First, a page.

The longue durée of human activity on the island of Pantelleria represents an important locus of ancient cultural interaction in the Strait of Sicily. This narrow channel in the central Mediterranean has played a major and continuous role in human relations between Italy, Sicily and North Africa since the Neolithic period. Use or control of the Pantelleria has been pivotal for a number of cultures over time, each leaving a lasting impression on the landscape and the people of the island (Figure 1). The volcanic geology of Pantelleria has determined the shape of its landscape and is responsible for the creation of the collapsed-caldera basin and lake that form the study area of this project. The Brock University Archaeological Project at Pantelleria (BUAPP) is working in the Lago di Venere area, examining past human activity on the north-eastern lake shore. A previous project in the Lago di Venere area (1998–2002) interpreted the site as a Punic and Roman sanctuary (Audino & Cerasetti Reference Audino, Cerasetti, Khanoussi, Ruggeri and Vismara2004; Cerasetti Reference Cerasetti, Acquaro and Cerasetti2006). Our project complements this and other archaeological investigations of the island's classical past, including the ongoing excavations on the Acropolis, near the main harbour, which have revealed the remains of the island's Punic and Roman centre (Schäfer et al. Reference Schäfer, Schmidt and Osanna2015).
The BUAPP investigates key issues including: the long-term relationship between the Punic and Roman cultures at the Lago di Venere site, situated at a considerable distance from the main areas of cultural interaction around the Acropolis and harbour; the function of the site, be it sacred or profane; and the role of the volcanic crater-lake in the development of the site and the wider environment. For the first two seasons, the project has integrated geophysical survey, excavation and material analyses. In 2014, we conducted survey work. The volcanic nature of the soil excludes the application of some geophysical techniques. As a result, a ground-penetrating radar (GPR) survey was conducted to determine the site's spatial extent and depth, and the appearance of buried features; this is the first archaeo-geophysical work undertaken on the island (Urban et al. Reference Urban, Murray, Vella and Lahikainen2015). Topographical mapping was also conducted to record the extent of the site and its broader context. The results of the GPR survey produced clear evidence of an architectural complex measuring approximately 20 × 30m, with the remains positioned at 1–2m below the surface. There appear to be several interconnected wall features creating rectilinear and curvilinear spaces (Figure 2). The results demonstrate that the extent of the site is much greater than previously believed.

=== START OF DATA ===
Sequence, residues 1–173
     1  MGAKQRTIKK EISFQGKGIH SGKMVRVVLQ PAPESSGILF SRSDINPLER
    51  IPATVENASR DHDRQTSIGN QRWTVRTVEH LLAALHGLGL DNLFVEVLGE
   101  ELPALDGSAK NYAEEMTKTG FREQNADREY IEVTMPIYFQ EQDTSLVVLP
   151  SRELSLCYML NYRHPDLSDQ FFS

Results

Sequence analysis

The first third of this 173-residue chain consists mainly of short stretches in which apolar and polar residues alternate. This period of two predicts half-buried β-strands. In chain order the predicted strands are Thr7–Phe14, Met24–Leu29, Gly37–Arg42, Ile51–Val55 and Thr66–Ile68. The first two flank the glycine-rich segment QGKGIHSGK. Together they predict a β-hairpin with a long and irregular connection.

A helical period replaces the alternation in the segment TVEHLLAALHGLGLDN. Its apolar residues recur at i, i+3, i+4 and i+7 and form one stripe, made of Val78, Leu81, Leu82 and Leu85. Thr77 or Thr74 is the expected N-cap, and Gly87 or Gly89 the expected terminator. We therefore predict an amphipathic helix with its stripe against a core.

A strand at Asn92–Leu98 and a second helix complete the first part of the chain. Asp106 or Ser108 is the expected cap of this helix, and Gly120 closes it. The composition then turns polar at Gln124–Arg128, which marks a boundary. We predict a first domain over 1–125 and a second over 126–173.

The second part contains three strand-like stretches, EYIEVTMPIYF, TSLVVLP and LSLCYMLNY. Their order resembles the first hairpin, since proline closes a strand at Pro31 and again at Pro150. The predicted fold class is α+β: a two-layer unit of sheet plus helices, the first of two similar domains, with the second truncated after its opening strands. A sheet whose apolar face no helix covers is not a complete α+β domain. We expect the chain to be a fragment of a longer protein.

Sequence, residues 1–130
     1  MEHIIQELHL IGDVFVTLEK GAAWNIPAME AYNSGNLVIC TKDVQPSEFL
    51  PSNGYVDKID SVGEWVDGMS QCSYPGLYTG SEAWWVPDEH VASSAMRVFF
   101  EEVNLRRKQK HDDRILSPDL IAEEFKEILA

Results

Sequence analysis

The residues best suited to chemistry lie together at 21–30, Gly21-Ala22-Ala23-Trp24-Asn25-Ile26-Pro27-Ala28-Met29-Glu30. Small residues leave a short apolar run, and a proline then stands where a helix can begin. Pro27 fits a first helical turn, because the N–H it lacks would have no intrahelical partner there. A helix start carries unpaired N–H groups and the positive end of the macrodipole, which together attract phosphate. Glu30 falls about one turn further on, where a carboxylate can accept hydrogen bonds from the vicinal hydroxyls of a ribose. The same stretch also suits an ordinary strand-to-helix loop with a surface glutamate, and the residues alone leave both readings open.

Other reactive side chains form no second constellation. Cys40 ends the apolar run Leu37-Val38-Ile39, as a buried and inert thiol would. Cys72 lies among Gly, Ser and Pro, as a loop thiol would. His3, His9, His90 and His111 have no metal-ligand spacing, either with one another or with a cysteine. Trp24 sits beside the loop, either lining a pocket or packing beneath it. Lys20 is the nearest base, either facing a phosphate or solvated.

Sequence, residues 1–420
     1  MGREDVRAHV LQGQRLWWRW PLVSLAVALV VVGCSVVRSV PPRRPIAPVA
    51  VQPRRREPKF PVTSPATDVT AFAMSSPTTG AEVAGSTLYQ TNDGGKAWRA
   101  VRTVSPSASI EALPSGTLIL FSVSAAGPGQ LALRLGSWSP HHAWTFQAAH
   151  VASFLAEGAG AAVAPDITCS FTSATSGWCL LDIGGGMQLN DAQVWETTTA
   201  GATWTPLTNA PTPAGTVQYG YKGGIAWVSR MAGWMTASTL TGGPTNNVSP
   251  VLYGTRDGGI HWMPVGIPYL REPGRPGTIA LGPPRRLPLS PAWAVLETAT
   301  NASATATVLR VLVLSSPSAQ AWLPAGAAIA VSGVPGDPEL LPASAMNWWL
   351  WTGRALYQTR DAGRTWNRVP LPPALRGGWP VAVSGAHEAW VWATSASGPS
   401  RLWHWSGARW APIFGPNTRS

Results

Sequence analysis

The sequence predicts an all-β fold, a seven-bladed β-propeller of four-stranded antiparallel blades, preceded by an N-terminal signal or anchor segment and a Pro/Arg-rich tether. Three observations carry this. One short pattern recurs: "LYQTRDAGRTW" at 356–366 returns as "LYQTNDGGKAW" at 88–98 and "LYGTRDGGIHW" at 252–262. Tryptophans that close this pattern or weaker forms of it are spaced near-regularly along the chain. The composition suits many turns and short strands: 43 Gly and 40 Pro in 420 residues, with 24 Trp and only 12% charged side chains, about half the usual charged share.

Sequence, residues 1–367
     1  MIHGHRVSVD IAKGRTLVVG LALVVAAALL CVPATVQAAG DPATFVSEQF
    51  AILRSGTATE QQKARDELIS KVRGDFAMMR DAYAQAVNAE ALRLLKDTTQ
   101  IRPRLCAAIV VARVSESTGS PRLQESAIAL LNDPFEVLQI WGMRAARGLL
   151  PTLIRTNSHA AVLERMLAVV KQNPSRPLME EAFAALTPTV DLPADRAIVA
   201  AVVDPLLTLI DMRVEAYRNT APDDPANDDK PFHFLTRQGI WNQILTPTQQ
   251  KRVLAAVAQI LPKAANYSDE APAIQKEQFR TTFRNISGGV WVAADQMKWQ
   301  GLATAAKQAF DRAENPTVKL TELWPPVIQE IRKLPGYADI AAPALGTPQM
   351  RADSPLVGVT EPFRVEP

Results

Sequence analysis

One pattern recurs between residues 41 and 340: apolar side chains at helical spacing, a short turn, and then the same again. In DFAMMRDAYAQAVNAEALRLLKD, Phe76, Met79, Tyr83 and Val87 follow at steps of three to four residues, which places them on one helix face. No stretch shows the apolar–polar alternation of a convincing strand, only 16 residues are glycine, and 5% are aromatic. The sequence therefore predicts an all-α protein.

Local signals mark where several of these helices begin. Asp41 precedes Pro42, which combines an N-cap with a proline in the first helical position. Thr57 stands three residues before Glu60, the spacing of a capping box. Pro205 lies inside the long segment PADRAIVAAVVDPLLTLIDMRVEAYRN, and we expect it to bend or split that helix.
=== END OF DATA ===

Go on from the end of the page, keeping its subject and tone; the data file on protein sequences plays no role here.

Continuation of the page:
In 2015, four test trenches were excavated to evaluate the significance of the GPR results and to establish cultural and chronological frameworks. The trenches were located in relation to the most significant features identified by the GPR (Figure 3), confirming the general architectural interpretation. Trench three contained the bottom course of walls constructed of dry-stone masonry with pavimenta punica flooring. The diagnostic pottery dates primarily to the late third to early/mid second century BC, with a small amount representative of the first centuries BC and AD.